New study finds opinions on controversial topics evolve through generational turnover, not by people changing their minds

The study, which included data from eight countries over 40 years, found that opinions on sensitive topics like abortion, euthanasia, and homosexuality tend to change more through generational replacement than by individuals changing their minds.

In the court of public opinion, attitudes on controversial topics like abortion, euthanasia, and gay rights have shifted substantially over the past few decades.

But how exactly does this kind of cultural change occur? Do people gradually change their minds over time, or do societies change primarily because older generations are replaced by younger ones with different views?

A new study by researchers at UC Davis and Duke University, published in the journal Evolutionary Human Sciences on April 8, 2024, suggests that the answer depends on how sensitive the topic is perceived to be.

The findings indicate that opinions on controversial ideas, for example euthanasia or same-sex marriage, tend to change more through generational replacement than by individuals actively updating their beliefs.

The Puzzle of Cultural Change

Social scientists have long been fascinated by how societies’ collective beliefs and attitudes evolve.

The dominant theories propose two main pathways for this cultural change.

The “settled dispositions” model argues that our core opinions are formed during our impressionable youth and remain relatively stable throughout life.

In contrast, the “active updating” perspective suggests that people continue to change their minds well into adulthood in response to new information and life experiences.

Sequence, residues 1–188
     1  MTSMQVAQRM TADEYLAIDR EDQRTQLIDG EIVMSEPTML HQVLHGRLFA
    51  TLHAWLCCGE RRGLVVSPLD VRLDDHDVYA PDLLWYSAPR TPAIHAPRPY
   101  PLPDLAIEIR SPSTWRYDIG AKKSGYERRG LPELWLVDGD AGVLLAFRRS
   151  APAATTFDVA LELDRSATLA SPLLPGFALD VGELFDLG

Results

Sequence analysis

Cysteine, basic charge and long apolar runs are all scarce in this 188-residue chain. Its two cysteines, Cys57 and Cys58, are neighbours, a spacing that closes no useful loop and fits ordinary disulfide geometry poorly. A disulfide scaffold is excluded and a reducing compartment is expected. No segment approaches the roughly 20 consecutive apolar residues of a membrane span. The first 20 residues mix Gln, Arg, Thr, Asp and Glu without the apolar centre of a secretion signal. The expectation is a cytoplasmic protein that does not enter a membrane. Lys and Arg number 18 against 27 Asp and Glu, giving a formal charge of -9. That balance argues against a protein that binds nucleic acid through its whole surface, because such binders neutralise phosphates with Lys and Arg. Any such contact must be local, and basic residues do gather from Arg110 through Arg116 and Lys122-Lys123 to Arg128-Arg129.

Previous research, mostly focusing on the United States, has found that the settled dispositions model seems to better explain most long-term shifts in public opinion.

In other words, societies change primarily because older generations with one set of beliefs gradually die out and are replaced by younger cohorts who grew up with different attitudes.

There are some notable exceptions, however, such as the rapid change in American attitudes toward gay rights over the past few decades, which seems to have occurred more through people actively updating their beliefs.

Comparing Change Across Countries and Topics

To better understand these patterns, the authors of the new study analyzed data from the World Values Survey, a large cross-national poll that has been regularly conducted since 1981.

They focused on eight countries – Argentina, Australia, Canada, Japan, Mexico, South Africa, Sweden, and the United States – that had the most complete data across the survey’s nearly 40-year history.

For each country, the researchers examined how opinions changed on 56 survey questions between 1981 and 2020.

The topics ranged from controversial topics like divorce and euthanasia to less-controversial ones, such as the value of independence and hard work.

Importantly, they also collected new data from online participants in each nation on how sensitive these topics are perceived to be.

For example, while discussing the importance of friends might not be seen as taboo, debating the morality of abortion would likely be much more fraught.

The researchers then compared two statistical models for each opinion item.

The first model assumed that beliefs were entirely stable within each generation, and thus that all change was due to the oldest cohorts dying out and being replaced by the youngest ones with different views.

The second model allowed for beliefs to change over time within generations.

By comparing how well each model fit the data, they could infer the relative contribution of cohort replacement versus active updating to changes in public opinion on each topic.